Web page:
May 15, 2017
My fascination with the Seto Inland sea first began five years ago after reading Donald Richie's epic travel memoir 'The Inland Sea'. Back then I was living in Okayama prefecture and the book inspired me to make a silent vow to myself to see as many of the 3,000 Seto islands as possible (although at that the time , I didn't realize that there were 3,000 of them).
As an ALT working in Okayama I was perfectly placed both in terms of location and schedule to explore many of the Seto islands that lie off Okayama, Kagawa and northern Hiroshima prefectures. I used my only six week summer vacation there to experience as many of them as I could.
By the time I moved back to Osaka a year later I'd stepped foot on 17 Seto Islands; a tally that remained in tact until my recent Golden Week multi island hop which raised my count to 20 (only another 2,980 left to visit).
For those unfamiliar, the Seto islands are a group of 3,000 islands that stretch from Ehime prefecture all the way over to Northern Kyushu. It's the diversity of the islands that capture the imagination of travellers like myself who crave the magic of exploring something off the beaten track. Some of the islands such as the much famed Miyajima off Hiroshima and the ultra arty Naoshima off Takamatsu are more touristy and well-trodden than others. Some such as Honjima also in Hiroshima prefecture are merely residential islands, where as others are uninhabited, but every island is different and each island has its own unique feel and atmosphere; which is what makes exploring them so special.
Physically, the majority of the Seto islands are framed with deserted white, sandy beaches and are usually lined with either forests, low lying mountains, various fruit groves, rugged villages, abandoned buildings and off the beaten track shrines and temples dotted here and there - some islands such as Nakajima and Shodoshima boast all of these things.
It is however, not just the physical characteristics of the Seto islands that make them so alluring, it's also the simple magic of everyday life that happens everyday both on land and in the ever enchanting inland sea that surrounds them.
When you live your daily life on the mainland in a city like Osaka (as I do) with regular trains and everything so closely and conveniently connected it's difficult to imagine life going on at sea everyday, but it is happening and when you see it in real time it's a really beautiful thing; which really gets you wondering about what daily routines must be like for islanders, and the people whose job it is to keep the Inland sea moving (the ferry captains, the ship managers, the coast guards and the ticket vendors.)
These were just some of the thoughts I found myself contemplating as I sat with a can of coffee on the outside deck of a Nakajima bound ferry on the last day of golden week 2017. As I looked at the small handful of passengers around me, it soon became obvious that I was the only person taking this ride for the first time.
On the table behind me sat a family of three (Mum, Dad and son) with food shopping bags. While Nakajima is home to one supermarket most of the Seto islands (including the three that our ferry made brief stops at at en route to Nakajima) do not. This means the that the only way for many islanders to do their weekly shop involves hopping on a ferry to either Nakajima or to the mainland; the family behind me had clearly gone with the mainland option.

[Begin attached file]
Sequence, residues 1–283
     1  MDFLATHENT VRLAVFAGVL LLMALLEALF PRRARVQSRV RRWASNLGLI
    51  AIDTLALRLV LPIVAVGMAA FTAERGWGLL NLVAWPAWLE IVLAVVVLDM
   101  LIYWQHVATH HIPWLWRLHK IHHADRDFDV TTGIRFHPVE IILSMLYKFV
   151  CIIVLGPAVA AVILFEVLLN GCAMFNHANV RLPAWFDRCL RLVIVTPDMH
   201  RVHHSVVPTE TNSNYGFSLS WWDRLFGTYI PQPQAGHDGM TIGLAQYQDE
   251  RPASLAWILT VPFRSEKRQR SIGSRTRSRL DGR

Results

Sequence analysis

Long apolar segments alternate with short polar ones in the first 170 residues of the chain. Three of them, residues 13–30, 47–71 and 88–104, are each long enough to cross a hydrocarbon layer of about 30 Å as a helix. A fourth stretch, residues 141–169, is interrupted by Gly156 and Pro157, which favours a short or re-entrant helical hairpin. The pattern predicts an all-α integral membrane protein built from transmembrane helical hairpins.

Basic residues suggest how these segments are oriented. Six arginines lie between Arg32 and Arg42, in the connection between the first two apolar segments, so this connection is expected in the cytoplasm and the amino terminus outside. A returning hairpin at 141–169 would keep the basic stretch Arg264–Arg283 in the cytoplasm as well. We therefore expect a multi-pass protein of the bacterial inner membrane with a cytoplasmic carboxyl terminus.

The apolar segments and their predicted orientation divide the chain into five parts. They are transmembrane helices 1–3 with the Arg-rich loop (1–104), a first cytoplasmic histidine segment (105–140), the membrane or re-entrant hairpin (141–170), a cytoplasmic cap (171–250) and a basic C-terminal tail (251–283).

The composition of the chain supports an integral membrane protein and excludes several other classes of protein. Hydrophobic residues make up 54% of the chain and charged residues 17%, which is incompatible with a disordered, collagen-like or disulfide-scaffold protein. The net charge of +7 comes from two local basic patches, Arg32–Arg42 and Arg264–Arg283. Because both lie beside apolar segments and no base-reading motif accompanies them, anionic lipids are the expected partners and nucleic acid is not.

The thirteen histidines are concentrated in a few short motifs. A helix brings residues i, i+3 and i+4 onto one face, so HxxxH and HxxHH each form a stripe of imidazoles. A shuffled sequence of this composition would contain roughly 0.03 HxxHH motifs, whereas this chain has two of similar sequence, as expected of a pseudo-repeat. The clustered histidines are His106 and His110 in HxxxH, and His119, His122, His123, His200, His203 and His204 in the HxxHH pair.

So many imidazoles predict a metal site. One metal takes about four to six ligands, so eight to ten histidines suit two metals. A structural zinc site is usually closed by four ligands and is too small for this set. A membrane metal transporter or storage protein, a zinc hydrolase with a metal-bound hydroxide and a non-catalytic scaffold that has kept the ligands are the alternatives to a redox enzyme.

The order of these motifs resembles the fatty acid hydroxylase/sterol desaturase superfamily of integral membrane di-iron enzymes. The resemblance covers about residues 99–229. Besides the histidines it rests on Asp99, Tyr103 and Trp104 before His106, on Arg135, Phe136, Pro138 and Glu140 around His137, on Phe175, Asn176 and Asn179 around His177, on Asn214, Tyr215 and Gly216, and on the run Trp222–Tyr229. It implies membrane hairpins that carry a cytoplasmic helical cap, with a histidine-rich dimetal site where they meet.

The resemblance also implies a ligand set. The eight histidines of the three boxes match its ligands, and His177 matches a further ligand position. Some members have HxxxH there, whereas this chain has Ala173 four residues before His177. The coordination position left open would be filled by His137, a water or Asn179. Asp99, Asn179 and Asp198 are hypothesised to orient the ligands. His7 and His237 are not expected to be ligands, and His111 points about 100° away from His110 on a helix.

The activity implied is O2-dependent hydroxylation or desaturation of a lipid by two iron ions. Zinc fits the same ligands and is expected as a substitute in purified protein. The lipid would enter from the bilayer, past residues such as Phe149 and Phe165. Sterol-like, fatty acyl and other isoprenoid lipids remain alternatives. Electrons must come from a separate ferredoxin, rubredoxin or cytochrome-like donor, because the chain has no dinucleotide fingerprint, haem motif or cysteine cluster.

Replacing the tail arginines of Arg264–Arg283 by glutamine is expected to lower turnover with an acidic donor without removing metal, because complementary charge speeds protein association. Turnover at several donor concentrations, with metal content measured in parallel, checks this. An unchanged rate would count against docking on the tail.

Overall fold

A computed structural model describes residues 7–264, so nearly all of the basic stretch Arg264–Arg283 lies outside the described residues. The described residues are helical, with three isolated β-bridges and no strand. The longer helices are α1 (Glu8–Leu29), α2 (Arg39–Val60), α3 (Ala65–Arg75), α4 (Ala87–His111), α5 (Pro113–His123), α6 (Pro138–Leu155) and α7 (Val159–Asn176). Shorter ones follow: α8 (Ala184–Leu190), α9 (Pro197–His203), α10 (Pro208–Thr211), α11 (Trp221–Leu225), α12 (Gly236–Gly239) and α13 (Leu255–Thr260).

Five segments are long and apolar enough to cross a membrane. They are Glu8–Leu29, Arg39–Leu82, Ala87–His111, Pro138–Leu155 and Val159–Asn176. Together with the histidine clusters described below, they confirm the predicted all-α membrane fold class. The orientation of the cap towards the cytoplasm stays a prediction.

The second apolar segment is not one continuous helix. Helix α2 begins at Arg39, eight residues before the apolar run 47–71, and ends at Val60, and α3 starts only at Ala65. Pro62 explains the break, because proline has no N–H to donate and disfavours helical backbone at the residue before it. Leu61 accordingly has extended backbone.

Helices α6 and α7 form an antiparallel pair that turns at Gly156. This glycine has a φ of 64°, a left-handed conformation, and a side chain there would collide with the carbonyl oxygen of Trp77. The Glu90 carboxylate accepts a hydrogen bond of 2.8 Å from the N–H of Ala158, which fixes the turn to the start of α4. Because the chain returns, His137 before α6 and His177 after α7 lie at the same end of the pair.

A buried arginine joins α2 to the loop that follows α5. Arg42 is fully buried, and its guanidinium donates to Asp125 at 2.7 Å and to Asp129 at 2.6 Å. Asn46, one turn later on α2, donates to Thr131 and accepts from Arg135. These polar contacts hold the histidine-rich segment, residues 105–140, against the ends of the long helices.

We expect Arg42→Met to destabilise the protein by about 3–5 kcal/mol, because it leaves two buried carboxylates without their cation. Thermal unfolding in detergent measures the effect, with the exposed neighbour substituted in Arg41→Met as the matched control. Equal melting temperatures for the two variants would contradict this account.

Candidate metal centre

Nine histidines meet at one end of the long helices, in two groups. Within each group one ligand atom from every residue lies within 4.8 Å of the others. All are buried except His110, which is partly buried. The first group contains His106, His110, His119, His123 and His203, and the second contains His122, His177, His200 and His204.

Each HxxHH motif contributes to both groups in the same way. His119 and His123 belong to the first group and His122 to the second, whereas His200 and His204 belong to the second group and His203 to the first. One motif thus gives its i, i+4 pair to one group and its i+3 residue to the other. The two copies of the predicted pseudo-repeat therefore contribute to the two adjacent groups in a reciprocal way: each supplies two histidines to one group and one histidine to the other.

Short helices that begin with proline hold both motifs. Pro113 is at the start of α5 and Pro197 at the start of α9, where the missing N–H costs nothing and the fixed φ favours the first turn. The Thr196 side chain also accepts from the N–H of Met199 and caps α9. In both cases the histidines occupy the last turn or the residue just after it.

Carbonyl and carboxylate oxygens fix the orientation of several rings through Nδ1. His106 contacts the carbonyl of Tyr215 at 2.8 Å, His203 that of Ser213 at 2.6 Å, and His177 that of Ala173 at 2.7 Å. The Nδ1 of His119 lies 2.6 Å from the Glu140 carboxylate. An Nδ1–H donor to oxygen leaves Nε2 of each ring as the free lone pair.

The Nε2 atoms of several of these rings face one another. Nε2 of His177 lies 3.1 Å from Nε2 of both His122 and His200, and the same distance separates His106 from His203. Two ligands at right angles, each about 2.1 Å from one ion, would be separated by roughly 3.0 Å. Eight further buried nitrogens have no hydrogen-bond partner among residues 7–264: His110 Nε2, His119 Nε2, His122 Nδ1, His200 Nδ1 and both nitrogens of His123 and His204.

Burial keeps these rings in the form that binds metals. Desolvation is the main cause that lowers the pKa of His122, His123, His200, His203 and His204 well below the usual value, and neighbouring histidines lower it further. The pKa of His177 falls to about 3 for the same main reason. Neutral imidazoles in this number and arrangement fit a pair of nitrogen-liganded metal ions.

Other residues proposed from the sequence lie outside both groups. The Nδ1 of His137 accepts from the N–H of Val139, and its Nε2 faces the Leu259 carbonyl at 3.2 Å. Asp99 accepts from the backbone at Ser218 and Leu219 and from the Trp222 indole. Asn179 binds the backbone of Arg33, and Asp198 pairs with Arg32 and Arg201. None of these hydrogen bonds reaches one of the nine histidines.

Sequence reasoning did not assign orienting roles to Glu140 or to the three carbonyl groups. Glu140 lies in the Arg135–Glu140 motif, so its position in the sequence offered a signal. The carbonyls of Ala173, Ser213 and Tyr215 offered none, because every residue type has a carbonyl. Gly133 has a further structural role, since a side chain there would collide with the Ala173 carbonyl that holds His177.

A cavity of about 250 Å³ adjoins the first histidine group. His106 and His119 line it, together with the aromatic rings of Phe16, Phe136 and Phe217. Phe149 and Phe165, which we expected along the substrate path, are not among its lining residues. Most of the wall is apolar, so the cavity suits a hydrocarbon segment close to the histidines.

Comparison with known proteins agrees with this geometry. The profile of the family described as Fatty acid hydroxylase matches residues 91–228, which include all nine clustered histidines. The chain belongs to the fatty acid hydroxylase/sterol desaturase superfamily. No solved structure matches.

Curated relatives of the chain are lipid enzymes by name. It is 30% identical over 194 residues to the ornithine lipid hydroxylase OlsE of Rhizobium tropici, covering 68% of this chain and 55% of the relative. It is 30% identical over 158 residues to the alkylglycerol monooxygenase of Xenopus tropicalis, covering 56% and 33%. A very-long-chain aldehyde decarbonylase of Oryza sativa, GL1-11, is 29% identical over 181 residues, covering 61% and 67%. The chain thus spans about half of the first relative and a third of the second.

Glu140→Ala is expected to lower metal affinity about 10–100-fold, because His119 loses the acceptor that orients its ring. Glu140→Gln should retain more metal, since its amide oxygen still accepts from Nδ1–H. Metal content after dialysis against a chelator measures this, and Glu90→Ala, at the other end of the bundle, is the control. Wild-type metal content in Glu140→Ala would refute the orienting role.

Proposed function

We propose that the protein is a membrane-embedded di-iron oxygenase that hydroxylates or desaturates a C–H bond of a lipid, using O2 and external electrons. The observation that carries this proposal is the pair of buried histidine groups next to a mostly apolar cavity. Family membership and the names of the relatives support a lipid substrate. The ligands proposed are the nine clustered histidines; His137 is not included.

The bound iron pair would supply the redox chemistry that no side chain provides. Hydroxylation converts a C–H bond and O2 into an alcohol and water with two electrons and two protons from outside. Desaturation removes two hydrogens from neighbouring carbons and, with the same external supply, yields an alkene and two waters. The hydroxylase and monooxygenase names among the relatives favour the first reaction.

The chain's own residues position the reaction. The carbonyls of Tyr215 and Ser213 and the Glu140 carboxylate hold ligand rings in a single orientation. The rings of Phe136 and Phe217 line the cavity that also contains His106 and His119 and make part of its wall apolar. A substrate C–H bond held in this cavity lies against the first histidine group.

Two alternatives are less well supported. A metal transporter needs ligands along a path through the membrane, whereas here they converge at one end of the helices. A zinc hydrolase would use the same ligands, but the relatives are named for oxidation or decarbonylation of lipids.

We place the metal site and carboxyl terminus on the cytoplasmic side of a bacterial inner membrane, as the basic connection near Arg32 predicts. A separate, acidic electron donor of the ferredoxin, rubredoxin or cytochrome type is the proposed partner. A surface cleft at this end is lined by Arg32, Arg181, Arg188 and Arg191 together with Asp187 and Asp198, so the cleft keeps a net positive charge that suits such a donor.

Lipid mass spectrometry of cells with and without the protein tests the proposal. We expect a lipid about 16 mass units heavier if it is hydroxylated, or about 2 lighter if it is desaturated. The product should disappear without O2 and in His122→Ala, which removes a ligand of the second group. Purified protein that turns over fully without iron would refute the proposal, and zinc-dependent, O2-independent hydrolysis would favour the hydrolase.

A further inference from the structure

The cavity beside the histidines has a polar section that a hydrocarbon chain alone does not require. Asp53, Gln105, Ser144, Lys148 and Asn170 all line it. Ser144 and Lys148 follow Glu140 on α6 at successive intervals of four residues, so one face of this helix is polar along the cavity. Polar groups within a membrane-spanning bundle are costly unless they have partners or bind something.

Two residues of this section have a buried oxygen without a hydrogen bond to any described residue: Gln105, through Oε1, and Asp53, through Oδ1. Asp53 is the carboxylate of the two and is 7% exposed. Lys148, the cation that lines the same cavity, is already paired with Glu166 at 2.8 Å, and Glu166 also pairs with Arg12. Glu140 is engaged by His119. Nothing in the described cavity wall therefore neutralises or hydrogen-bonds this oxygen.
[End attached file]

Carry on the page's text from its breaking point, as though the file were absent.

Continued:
Behind them inside the main cabin sat a lone high school girl; who back at port had confidently strolled on to the ferry as soon as it docked; clearly signifying that the ferry ride was a part of her daily routine. Some of the Seto islands such as Gogoshima are home to Elementary schools and Junior High schools, but high schoolers generally have to factor taking a ferry into their daily routines . The high school girl in the cabin disembarked at the first island we stopped at and was replaced with two sisters of elementary school age; the younger of the two was carrying a cake tin of some kind which she would later eagerly present to her grandmother who enthusiastically welcomed them on land with excited waves as she waited for them to arrive at port.
The family with the plastic shopping bags left the ship at the second island we stopped at and were replaced with a man ( who was probsbly) in his thirties, smoking a cigarette while chatting into his cellphone; he had all the confidence of someone who made this journey regularly, and dark blue overalls he was wearing suggested that he was heading to Nakajima to work
My curiosity to catch a glimpse of what was going on at sea increased further as we glided closer to Nakajima and ever deeper into the Inland sea. At this point I took the decision to stand at the ships right side facing balcony, and with the amazing feeling of the sea breeze in my face I looked out to sea, where I witnessed fishing boats, a coast guard boat, and a boat of divers engaging in what looked like some sort of class - what an awesome way to spend a Sunday, I thought.
The ship made one final stop before arriving or Nakajima's Oura Port; suddenly viewing it as a good opportunity to get a bonus glimpse into life on an island that I wouldn't be visiting (at least not on this occasion), I walked over to the other side of the ship where I observed an elderly man just riding his bike around the port area while watching the ship dock, and a couple of cyclists embarking the ferry.
By the time we arrived on Nakajima 10 minutes later, I felt refreshed (possibly from my dose of canned caffeine), and brimming with inspiration and wonder - definite side effects from having just witnessed simple everyday occurances in a world which although close in distance, is very different to the world I experience here on land everyday.
Note: Top image thanks to Bernard Gagnon on Wikipedia Creative Conmons.